What jobs are working dogs used for?
FFor centuries, dogs have been bred specifically to help man with all sorts of practical tasks: from hunting and herding to fishing and farming. In recent years, however, many familiar breeds have been deployed in more unusual canine roles.
These versatile “working dogs” include pastoral breeds and hunting dogs such as the Labrador, Springer Spaniel and Collie (not to be confused with the Kennel Club’s official working breed category, which was traditionally reserved for large guard breeds such as the Rottweiler).
Jobs with a difference
“Dogs with trades” now work in the health and social field, for example: helping people with disabilities or guiding the visually impaired, and detecting life-threatening diseases such as cancer and type 1 diabetes.
According to experts from the charity Medical Detection Dogs, dogs can identify tiny concentrations of scents of around one part per trillion – the equivalent of a teaspoon of sugar in two Olympic-sized swimming pools – so that ‘they can easily detect minute changes in an individual’s personal scent. , triggered by a specific medical condition.
Police use breeds such as the German Shepherd and Malinois to defuse dangerous situations and UK Border Agency dogs detect alcohol, illegal drugs and firearms. The same skills are also used in nature conservation work, where specially trained dogs search for protected species or participate in environmental studies.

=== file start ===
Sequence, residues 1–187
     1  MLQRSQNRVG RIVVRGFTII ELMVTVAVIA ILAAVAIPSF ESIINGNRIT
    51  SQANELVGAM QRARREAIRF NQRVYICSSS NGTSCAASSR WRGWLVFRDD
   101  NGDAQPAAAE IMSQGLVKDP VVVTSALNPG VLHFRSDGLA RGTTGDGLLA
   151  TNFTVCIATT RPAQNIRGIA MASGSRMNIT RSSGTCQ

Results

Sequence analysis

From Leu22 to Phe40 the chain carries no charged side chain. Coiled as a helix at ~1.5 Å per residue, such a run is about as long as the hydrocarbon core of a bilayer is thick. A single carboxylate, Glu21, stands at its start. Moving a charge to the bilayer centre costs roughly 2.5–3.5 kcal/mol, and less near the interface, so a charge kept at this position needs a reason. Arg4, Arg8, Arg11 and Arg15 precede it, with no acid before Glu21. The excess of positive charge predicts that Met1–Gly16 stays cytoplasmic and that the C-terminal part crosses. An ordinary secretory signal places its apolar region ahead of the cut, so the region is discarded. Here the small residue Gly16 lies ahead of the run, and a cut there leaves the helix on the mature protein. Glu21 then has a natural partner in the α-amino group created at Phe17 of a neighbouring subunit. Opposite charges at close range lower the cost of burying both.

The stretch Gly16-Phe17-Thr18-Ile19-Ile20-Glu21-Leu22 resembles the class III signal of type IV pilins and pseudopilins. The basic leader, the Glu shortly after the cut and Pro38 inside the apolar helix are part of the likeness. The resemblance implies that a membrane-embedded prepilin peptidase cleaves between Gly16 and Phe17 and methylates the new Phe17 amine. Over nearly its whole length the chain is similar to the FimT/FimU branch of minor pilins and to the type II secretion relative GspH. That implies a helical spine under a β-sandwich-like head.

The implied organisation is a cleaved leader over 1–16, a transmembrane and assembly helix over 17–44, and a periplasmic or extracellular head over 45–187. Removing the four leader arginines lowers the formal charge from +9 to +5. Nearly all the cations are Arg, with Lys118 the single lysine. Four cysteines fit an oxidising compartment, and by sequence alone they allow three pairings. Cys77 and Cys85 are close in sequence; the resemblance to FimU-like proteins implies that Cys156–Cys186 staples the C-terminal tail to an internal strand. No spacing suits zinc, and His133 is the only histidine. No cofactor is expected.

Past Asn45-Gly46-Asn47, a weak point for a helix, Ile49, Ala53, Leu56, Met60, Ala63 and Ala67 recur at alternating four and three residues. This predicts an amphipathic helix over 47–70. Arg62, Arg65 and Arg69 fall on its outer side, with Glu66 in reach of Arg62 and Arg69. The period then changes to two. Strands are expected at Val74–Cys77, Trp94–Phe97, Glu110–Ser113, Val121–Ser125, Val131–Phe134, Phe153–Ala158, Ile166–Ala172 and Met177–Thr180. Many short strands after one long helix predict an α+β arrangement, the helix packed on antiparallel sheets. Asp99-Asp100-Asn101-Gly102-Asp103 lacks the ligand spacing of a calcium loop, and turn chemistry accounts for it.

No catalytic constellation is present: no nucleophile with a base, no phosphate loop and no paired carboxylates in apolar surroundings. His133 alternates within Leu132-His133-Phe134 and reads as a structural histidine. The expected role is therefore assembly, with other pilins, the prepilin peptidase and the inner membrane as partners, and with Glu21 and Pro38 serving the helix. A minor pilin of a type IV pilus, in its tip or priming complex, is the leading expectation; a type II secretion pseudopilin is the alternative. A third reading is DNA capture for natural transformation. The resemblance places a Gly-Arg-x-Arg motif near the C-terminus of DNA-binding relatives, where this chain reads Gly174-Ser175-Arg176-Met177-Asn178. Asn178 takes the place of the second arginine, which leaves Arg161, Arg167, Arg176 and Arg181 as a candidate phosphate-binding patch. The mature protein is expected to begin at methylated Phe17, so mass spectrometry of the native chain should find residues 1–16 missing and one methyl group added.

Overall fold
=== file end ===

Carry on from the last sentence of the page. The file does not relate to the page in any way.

Even traditional search and rescue skills are adapting to modern culture: mountain rescue dogs bring their tracking skills to the urban environment when searching for missing dementia patients or vulnerable people who are planning to commit suicide or self-harm.
Understanding Working Breeds
Working dogs can be loyal and intelligent, and their willingness to learn makes training them a real pleasure. But you have to do your homework.
Labradors make excellent detection dogs, but their heightened sense of smell can mean they are easily distracted by food. Conversely, hunting dogs such as the Golden Retriever and the Weimaraner were bred to work closely with people so that they would become affectionate and docile pets.
“Do your research and make sure you’re fully prepared for the breed you’re considering,” says Andrew Sanderson of Royal Canin, who works closely with police and guide dogs. “All breeds have inherent characteristics and care must be taken in choosing the best one for your situation.”
Take care of your dog
Mr. Sanderson points out that for some breeds – the springer spaniel, for example – there are two different bloodlines: working and domestic. “Although both types have equal merits as pets, working lines may require more mental and physical stimulation to keep them happy and healthy.”
If you decide that an aggressive working breed is right for you, your dog will need plenty of daily exercise and mental stimulation in the form of puzzles and games – even fetching a ball on a walk will keep the mind occupied. a busy breed. But with a lot of patience and effort, you will have a faithful and loving companion for life.
Proud to nurture generations of guide dogs
This winter, Royal Canin will donate £1 to Guide Dogs for every promotional bag of Breed food sold at participating pet shops across the UK.*
For more information go to royalcanin.co.uk/guidedogs